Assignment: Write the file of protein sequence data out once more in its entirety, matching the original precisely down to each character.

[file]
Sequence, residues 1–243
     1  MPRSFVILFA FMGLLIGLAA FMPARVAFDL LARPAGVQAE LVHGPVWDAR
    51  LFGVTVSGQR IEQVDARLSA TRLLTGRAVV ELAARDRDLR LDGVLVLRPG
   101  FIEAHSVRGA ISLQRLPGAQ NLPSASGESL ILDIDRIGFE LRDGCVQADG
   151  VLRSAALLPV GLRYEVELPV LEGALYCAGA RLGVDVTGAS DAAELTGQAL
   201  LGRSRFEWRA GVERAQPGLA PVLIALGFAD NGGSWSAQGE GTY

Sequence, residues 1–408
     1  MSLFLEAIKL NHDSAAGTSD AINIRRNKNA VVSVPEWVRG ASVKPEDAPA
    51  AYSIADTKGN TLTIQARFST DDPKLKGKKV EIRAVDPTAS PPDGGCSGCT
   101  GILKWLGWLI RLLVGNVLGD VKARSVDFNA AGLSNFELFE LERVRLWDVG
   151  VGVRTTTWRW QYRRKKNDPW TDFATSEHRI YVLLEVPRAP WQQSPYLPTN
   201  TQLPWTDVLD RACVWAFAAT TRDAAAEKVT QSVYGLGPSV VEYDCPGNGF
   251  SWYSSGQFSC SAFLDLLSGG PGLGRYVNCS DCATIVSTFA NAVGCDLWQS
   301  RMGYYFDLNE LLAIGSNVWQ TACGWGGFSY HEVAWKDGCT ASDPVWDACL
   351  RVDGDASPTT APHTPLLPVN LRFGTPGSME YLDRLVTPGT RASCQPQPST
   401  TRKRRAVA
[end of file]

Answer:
Sequence, residues 1–243
     1  MPRSFVILFA FMGLLIGLAA FMPARVAFDL LARPAGVQAE LVHGPVWDAR
    51  LFGVTVSGQR IEQVDARLSA TRLLTGRAVV ELAARDRDLR LDGVLVLRPG
   101  FIEAHSVRGA ISLQRLPGAQ NLPSASGESL ILDIDRIGFE LRDGCVQADG
   151  VLRSAALLPV GLRYEVELPV LEGALYCAGA RLGVDVTGAS DAAELTGQAL
   201  LGRSRFEWRA GVERAQPGLA PVLIALGFAD NGGSWSAQGE GTY

Sequence, residues 1–408
     1  MSLFLEAIKL NHDSAAGTSD AINIRRNKNA VVSVPEWVRG ASVKPEDAPA
    51  AYSIADTKGN TLTIQARFST DDPKLKGKKV EIRAVDPTAS PPDGGCSGCT
   101  GILKWLGWLI RLLVGNVLGD VKARSVDFNA AGLSNFELFE LERVRLWDVG
   151  VGVRTTTWRW QYRRKKNDPW TDFATSEHRI YVLLEVPRAP WQQSPYLPTN
   201  TQLPWTDVLD RACVWAFAAT TRDAAAEKVT QSVYGLGPSV VEYDCPGNGF
   251  SWYSSGQFSC SAFLDLLSGG PGLGRYVNCS DCATIVSTFA NAVGCDLWQS
   301  RMGYYFDLNE LLAIGSNVWQ TACGWGGFSY HEVAWKDGCT ASDPVWDACL
   351  RVDGDASPTT APHTPLLPVN LRFGTPGSME YLDRLVTPGT RASCQPQPST
   401  TRKRRAVA